Before the revolution, the Seiffeners quietly thrived through a black market that saw nutcrackers and other Christmas decorations traded for otherwise hard-to-get goods and services, such as bathtubs, auto repairs and tools.

Now, with streets being fixed and many homes sporting new roofs and fresh paint, Seiffen has an aura of determination and prosperity rare in the dilapidated east.

“Seiffen is an exception,” said Seidler. “It got to its feet pretty quickly and, no matter what, we are genuine optimists.”

Hope is what drew Christian Ulbricht to Seiffen. Ulbricht moved west as a child in 1945; six years later, the Communists confiscated the nutcracker factory his father had left behind.

Ulbricht grew up to open his own successful toy factory in West Germany and bought back the Seiffen plant last year. He plans to modernize it and replace some of the handwork with machinery.

“If you don’t introduce more technology, toy making will die out there,” Ulbricht said. “They want to earn more, but that means they need to produce more. Some of the copies from Taiwan are pretty good. They’re not as bad as they used to be.”

Actually, a similar need to produce more toys quickly and cheaply is what brought the Seiffen miners-turned-toy makers fame in the first place.

The miners invented a method of carving rings of wood on a wheel in such a fashion that tiny animals could be cut from it like pieces from a cake--60 to 100 animals per ring.

“That’s really what our tradition is--innovative technology,” said Tino Guenther, whose family has made toy acrobats and miniature rocking horses since 1914. The national airline Lufthansa has ordered 15,000 of the latter to give to first-class customers over Christmas, Guenther proudly reported.

At 29, Guenther represents a new breed of toy maker in Seiffen, more intent on survival than on sentimentality.

Unlike the traditionalists, Guenther does not resent the small commercial intrusions of nutcracker baseball players or Disneyesque characters.

“We need to orient ourselves to the market,” he said.

One of Seiffen’s old clients, the Christmas store Kaethe Wohlfahrt in the medieval western tourist town of Rothenburg ob der Tauber, bused in 700 Seiffeners just after the Berlin Wall fell for a crash course in capitalism.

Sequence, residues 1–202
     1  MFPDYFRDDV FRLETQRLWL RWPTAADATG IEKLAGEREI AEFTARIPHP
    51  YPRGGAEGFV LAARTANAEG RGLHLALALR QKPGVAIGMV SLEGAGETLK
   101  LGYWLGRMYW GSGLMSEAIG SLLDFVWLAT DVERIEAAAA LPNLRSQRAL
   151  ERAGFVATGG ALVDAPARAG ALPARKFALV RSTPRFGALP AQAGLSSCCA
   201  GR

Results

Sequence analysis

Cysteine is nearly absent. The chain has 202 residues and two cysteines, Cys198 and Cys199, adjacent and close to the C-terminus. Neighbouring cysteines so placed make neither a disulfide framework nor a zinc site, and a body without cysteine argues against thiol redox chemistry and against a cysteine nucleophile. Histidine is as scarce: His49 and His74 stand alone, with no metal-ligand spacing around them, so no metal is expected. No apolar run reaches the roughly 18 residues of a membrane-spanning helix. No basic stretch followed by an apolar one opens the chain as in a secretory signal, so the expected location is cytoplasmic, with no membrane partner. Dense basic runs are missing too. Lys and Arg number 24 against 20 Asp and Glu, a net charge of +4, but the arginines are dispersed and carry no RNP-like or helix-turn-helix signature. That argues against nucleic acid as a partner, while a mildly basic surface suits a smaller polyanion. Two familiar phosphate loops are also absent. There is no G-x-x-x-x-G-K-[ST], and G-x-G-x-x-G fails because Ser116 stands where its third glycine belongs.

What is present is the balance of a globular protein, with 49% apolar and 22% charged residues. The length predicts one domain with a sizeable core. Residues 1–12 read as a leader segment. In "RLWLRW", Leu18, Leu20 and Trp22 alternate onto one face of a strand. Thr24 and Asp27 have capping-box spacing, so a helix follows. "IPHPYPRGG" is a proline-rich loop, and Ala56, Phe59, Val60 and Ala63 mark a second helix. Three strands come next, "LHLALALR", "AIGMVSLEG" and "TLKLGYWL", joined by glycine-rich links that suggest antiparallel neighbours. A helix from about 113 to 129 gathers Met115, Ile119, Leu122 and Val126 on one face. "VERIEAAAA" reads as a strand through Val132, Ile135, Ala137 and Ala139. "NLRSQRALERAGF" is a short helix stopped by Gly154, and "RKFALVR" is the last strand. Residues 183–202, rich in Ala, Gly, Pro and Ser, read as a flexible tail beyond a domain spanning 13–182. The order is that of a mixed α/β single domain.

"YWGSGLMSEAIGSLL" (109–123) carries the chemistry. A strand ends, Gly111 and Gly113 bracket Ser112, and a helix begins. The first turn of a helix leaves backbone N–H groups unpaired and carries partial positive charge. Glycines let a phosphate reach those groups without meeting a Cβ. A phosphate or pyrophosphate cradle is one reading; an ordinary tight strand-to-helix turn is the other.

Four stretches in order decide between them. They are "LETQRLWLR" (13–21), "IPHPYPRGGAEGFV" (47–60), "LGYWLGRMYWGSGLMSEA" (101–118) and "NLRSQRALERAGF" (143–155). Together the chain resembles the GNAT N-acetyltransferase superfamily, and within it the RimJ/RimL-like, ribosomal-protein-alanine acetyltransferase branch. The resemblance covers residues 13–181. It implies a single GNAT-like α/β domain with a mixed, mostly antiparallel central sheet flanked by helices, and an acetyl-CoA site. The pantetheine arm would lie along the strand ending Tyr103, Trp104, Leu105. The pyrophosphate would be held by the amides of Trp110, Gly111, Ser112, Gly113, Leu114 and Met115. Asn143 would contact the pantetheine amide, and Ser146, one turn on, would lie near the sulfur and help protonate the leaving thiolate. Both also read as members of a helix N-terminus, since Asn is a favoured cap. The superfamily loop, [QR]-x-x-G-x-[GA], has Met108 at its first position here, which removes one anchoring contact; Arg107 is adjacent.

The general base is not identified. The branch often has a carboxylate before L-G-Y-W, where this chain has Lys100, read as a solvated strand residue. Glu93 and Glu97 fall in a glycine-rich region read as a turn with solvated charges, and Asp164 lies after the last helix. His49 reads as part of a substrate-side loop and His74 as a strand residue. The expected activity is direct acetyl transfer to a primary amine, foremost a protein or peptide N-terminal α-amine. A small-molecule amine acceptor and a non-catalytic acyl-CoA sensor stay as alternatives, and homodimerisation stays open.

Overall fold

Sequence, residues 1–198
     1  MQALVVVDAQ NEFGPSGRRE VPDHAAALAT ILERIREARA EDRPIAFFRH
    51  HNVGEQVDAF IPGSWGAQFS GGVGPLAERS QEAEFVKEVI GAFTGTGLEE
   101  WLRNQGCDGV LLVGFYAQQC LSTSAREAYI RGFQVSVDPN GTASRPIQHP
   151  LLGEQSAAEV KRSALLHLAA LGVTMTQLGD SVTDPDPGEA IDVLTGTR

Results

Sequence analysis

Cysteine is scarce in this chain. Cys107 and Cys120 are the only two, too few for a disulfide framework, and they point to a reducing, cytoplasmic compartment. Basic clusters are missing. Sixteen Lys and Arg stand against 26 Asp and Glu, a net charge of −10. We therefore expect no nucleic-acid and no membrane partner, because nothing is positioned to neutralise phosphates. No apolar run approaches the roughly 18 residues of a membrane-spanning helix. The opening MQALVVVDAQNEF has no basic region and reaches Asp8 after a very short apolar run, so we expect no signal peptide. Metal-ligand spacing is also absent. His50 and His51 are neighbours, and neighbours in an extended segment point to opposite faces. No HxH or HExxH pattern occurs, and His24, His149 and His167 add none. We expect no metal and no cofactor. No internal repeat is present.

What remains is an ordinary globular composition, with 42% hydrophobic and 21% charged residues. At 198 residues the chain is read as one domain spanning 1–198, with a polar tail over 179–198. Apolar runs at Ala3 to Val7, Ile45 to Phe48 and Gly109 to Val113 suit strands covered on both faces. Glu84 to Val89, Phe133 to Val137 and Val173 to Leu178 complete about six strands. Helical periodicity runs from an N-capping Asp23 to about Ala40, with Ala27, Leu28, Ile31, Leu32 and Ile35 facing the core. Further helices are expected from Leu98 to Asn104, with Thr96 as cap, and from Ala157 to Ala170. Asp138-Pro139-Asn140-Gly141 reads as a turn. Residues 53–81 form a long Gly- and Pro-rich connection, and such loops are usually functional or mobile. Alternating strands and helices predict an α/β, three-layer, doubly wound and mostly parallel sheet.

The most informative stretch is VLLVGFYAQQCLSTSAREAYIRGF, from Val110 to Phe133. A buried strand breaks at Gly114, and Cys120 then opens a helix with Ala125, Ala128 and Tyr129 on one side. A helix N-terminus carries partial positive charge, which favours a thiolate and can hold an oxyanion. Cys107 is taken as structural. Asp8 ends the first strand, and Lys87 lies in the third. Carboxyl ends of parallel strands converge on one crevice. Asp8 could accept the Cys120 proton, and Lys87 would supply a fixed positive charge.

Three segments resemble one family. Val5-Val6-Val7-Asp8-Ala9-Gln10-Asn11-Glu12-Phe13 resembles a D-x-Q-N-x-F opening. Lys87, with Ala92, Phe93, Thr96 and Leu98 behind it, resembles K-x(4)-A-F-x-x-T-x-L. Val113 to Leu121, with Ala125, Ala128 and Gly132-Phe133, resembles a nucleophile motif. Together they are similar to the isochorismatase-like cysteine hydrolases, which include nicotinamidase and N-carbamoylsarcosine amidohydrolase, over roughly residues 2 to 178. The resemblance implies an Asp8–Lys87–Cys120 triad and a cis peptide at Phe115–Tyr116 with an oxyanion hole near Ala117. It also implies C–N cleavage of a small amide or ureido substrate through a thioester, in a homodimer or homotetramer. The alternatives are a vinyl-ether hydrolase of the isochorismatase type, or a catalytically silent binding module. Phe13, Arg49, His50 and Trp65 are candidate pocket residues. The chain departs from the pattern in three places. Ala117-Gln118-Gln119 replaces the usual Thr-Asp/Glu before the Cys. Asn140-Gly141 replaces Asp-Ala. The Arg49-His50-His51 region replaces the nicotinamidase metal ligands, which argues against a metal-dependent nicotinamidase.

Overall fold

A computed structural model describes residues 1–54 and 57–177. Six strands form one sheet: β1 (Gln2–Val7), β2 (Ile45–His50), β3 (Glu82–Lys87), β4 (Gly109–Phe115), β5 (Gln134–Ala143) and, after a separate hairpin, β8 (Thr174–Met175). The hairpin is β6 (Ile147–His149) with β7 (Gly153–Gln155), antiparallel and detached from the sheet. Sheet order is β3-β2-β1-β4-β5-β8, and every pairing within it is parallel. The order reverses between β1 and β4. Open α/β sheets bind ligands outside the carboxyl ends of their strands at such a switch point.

“They need to focus on the customer now,” said Wilhelm Wohlfahrt, owner of the hugely successful store and himself an emigre from a village near Seiffen.

“About 30% of them are still thinking in the old way,” he said. “Some people say they have no time to focus, and that’s the beginning of the end. You must invest the time.

“Some just say, ‘Well, my father made this, and my grandfather made it, and now I must make it too.’ That’s fine, as long as there’s a demand for it. Otherwise, make something else!”

Unable to afford their own advertising, shipping and marketing, the toy makers still rely on a revamped collective to sell their wares.

The collective’s director, Wolfgang Lorenz, is worried that creative freedom has now run somewhat amok. The range of Seiffen wares has quadrupled in a year, and “quantity doesn’t always mean quality,” Lorenz lamented.

“We have 2,000 different items in our catalogue,” he said. “That’s way too much. We have to thin it down to the best ones.”

“We have a whole bunch of problems,” sighed Werner Glaesser, 54, who, like his father and grandfather before him, makes miniature toys and Christmas pyramids, which resemble wooden wedding cakes with propellers on top. Tiny angels, shepherds and other Nativity figures twirl on each tier of the pyramid.

“So much has changed,” continued Glaesser, “that sometimes I think only my name and birthday are the same.”

Rising prices are his biggest concern. “Wood costs us five times as much, and it’s the same with paint. Indirect costs, like electricity, have tripled,” he said.

Despite the push to modernize, many Seiffeners are using their newfound freedom to recapture lost tradition.

“A lot of old, original Seiffen toys are being made again, as if people want a piece of their own past back,” said Konrad Auerbach, director of the Toy Museum.

Klaus Merten, Mario’s father, counts himself among the traditionalists.

Merten specializes in the elfin “smoking men,” carved figures that hide a piece of incense in their bellies, allowing real smoke to curl from their pipes.

Originally, the friendly pipe smokers were counterpoints to the nutcrackers, which, according to tradition, characterized authority figures such as kings, gendarmes and soldiers.

When they were first crafted in 1850, the smokers had faces, arms and hands molded from bread dough. By 1920, they were all wood, Merten said, because it was quicker and more profitable that way.

Merten began secretly selling bread-dough originals to collectors in the waning days of the Communist regime.

Now, despite the extra two or three hours it takes to mold the dough features, Merten still makes a small number for collectors. And each one bears something else forbidden before: the artist’s signature.

Even in these uncertain times, Merten has unflinching faith in his town and its tradition. And, most of all, in its toys.

“I always say that if Seiffen doesn’t make it, no one will,” he said.